I’d show up to each and every class with this desire to connect. I wanted to experience what the teachers were talking about – that physical asana is a means to connect to ones higher Self. But, I never felt it. I’d push and push and push to feel this connection, or I’d fervently pray, but all I felt inside was an empty shell of nothingness. That’s right. NOTHING.
You want to talk about a void? Well, there it was and I was trying to fill it with these false notions of connecting to something greater than myself through yoga. I was trying to fill the void with the deep, dark shadow emotions I was feeling. And, I was trying to fill it with a community that largely doesn’t see you, doesn’t reach out to you unless you are there in class. You see, I realized that a part of me would feel like I would not exist if I didn’t do yoga. So, I filled that void by making sure I would exist by showing up all the time.
I injured myself. Granted, yes, it was a physical injury, but that has been nothing compared to the immense inner wounding that I did to myself during the “healthy” practice of yoga. I kept practicing for a while anyway. I kept showing up. I still tried to fill the broken vase of my inner world with pain or with the intention that “all you need to do is send that part of yourself love and compassion.”
Bull crap. Sometimes, oftentimes, we need to allow ourselves to feel the pain inside of us, and
express it. Sometimes we need to experience hating parts of our self so that we may in turn learn to accept our self, or accept the parts of our self which we cannot accept, so we may learn how to love ourselves. Sometimes, we need to step away from the picture and take a look at just how much of our practice is unconsciously filled with sugar coated shit and namaste’s that have become so overused that it now has the equivalent weight of “hello.”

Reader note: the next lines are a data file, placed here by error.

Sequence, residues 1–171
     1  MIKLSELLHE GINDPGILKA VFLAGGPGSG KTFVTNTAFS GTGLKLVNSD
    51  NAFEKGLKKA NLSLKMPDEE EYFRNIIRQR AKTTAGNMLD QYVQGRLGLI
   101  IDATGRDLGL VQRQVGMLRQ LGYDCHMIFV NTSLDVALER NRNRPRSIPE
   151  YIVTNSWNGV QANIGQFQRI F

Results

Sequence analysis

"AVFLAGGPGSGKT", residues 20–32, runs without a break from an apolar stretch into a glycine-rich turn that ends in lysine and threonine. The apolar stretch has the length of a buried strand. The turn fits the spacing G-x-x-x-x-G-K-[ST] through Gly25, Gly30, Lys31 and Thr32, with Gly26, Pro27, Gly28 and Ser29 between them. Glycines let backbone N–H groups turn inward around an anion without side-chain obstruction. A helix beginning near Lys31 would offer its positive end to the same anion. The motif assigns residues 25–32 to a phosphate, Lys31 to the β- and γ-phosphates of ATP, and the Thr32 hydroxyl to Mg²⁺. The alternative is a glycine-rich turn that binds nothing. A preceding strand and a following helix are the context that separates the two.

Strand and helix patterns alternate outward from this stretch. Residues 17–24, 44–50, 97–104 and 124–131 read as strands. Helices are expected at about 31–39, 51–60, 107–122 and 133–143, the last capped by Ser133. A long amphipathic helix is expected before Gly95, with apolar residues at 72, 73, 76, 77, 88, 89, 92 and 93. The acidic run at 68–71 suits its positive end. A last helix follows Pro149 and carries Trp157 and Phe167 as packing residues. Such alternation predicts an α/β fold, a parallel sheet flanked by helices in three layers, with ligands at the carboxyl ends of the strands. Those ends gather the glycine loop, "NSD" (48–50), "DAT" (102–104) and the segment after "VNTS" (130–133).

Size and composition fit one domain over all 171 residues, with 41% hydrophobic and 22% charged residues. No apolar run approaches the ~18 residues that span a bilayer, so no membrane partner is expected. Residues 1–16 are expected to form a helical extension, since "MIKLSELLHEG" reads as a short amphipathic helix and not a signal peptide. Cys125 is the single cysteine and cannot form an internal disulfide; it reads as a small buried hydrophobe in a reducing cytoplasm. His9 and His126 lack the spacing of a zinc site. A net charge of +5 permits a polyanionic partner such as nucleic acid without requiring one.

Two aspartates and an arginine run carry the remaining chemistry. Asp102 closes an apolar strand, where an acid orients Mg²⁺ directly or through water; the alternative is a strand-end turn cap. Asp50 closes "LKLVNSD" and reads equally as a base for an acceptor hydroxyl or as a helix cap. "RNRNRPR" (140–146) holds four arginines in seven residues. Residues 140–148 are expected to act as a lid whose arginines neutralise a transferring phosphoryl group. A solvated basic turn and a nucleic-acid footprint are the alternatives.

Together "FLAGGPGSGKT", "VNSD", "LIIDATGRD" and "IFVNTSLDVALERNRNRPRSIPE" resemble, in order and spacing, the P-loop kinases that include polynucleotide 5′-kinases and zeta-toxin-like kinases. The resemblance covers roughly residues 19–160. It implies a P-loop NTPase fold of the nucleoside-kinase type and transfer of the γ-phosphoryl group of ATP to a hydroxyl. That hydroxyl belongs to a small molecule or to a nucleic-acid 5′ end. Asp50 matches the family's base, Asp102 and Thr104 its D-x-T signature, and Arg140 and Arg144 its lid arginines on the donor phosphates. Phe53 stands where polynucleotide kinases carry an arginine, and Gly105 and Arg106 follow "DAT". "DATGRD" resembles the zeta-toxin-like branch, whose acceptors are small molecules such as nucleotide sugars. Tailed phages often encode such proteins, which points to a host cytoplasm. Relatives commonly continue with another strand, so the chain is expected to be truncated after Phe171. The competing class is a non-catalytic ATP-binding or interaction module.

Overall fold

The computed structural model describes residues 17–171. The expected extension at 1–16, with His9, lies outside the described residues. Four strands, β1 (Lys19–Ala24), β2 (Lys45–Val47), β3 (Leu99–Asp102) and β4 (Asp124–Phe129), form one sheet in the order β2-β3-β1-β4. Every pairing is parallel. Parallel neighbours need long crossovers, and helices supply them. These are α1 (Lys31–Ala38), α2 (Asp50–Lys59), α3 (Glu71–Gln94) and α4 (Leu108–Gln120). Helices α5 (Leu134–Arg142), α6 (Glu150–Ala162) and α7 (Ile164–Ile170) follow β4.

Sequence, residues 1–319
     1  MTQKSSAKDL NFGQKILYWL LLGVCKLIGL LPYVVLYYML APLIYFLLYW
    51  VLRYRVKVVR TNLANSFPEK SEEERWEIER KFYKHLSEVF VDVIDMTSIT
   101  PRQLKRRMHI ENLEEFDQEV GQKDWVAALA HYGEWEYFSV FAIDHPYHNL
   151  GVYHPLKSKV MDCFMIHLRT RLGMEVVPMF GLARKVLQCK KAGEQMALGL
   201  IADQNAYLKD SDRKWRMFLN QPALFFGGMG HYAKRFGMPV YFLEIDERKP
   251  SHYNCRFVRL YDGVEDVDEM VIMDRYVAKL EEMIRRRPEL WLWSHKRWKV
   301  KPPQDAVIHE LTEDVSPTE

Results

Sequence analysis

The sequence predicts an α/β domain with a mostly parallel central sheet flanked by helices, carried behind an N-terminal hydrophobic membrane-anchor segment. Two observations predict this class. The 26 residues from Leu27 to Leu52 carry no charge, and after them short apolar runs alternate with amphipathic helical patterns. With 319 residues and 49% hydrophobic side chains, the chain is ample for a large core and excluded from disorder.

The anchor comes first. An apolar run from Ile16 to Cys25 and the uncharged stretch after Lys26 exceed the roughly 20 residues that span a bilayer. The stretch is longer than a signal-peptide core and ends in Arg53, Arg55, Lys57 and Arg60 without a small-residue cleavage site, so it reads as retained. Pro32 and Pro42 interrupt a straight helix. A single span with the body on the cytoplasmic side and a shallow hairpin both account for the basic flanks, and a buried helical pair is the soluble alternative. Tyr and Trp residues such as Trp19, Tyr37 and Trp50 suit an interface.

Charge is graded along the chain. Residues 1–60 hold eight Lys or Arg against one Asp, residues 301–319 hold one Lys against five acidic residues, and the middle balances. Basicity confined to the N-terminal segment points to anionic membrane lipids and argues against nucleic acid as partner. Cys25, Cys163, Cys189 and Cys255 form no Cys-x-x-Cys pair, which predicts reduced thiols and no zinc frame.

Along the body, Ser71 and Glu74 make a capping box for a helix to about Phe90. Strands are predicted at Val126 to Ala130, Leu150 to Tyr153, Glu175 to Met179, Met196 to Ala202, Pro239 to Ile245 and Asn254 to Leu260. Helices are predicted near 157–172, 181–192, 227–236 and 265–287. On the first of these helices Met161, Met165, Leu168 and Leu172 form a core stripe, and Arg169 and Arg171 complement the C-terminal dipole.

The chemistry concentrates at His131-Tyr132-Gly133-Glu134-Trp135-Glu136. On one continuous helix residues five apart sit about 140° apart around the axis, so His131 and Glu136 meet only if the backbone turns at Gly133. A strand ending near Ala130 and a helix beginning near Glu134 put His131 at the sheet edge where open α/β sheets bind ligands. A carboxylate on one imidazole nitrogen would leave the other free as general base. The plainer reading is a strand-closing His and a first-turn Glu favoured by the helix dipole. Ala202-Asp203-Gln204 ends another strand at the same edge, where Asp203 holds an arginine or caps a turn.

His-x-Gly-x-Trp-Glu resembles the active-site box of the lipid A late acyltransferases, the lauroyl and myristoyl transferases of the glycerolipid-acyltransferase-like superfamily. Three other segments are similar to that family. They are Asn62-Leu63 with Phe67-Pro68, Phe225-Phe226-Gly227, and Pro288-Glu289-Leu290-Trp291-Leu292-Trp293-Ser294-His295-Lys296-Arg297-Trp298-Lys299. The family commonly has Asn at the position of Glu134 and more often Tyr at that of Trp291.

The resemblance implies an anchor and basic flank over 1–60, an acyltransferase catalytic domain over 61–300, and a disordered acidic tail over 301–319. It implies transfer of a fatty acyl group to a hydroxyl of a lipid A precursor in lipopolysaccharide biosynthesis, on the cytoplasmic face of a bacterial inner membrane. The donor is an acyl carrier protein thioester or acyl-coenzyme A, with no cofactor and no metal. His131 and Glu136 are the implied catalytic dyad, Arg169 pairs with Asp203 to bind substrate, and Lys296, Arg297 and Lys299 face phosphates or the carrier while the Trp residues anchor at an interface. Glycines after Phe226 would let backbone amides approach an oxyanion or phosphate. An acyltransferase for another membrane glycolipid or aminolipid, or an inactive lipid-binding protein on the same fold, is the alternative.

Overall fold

There were so many times after this injury where I would try to continue practicing, but the pain I felt become too intense. Yes, there was a physical pain, but the emotional pain could no longer be held by the broken container within which I stuffed it, so it began to overflow. I stopped practicing yoga a few years ago and began my journey to healing myself. At first, all I wanted to do was yoga. If I wasn’t doing yoga, I wasn’t happy. If I was doing yoga, I wasn’t happy…isn’t that interesting. The last spontaneous class I took, a year ago, to test myself, revealed much.
I learned that the yoga asana I have experienced doesn’t support me, doesn’t support my body, doesn’t support who I AM. I learned that I could no longer listen to themes of a physical practice connecting us to Source. I stopped drinking the Kool-Aid, the alcohol of yoga, the cocaine of yoga. Parts of me experienced anger when asked when I would return to class. I don’t have an answer to that question. At this point in time, returning to a yoga asana practice or class would be akin to a recovering alcoholic having a drink, a recovering cocaine addict a hit.
Why share this with all of you? Perhaps my story will inspire you to look closely at your practice. Perhaps my story will plant the seed of awakening to the parts of yourself who may be in denial about the possibility of addiction through yoga. And, part of me is allowing myself to heal, to more fully accept myself, to more fully love myself, by sharing my story with you.
May I share something else with you? Each and every one of us is already infinitely connected. You don’t need to go out and buy fancy Lululemon pants. You don’t need to drop “namaste” like it’s the hottest thing since sliced bread. You don’t need to stop eating meat because you believe not eating it will increase your vibration and make you more enlightened. I invite you to be. Just be and allow yourself to experience your Self as you are. Here and now.
If none of this has a ring of truth to you, I would invite you to consider watching and experience this funny, not-so-funny, funny video “How to be Ultra-Spiritual” by friend and mentor JP Sears.
If you’re just joining us now, please take a moment and read Confessions from a Recovering Asana Junkie – Part 1.
I was one of “those” people. Yes, I wore Lululemon pants. Not because I felt they’d make me a better yogi or grant me enlightenment, but because they fit. And, they lasted several years before wearing out. Maybe I’m in denial about some expensive pair of pants making me feel more spiritual.
Anyway, I was one of those people whom you would see in yoga class at least three times per week. I’d practice at home anywhere from 1-3 hrs. per day. I’d take every single workshop that I could. Part of me would hang on and hope to be included in the “Insider’s Club” so I could be one of the “cool kids” who got to hang out with the crew and chat about…yoga. I wanted to fit in and an unconscious part of me would do anything that I had to in order to feel connected and like I belonged.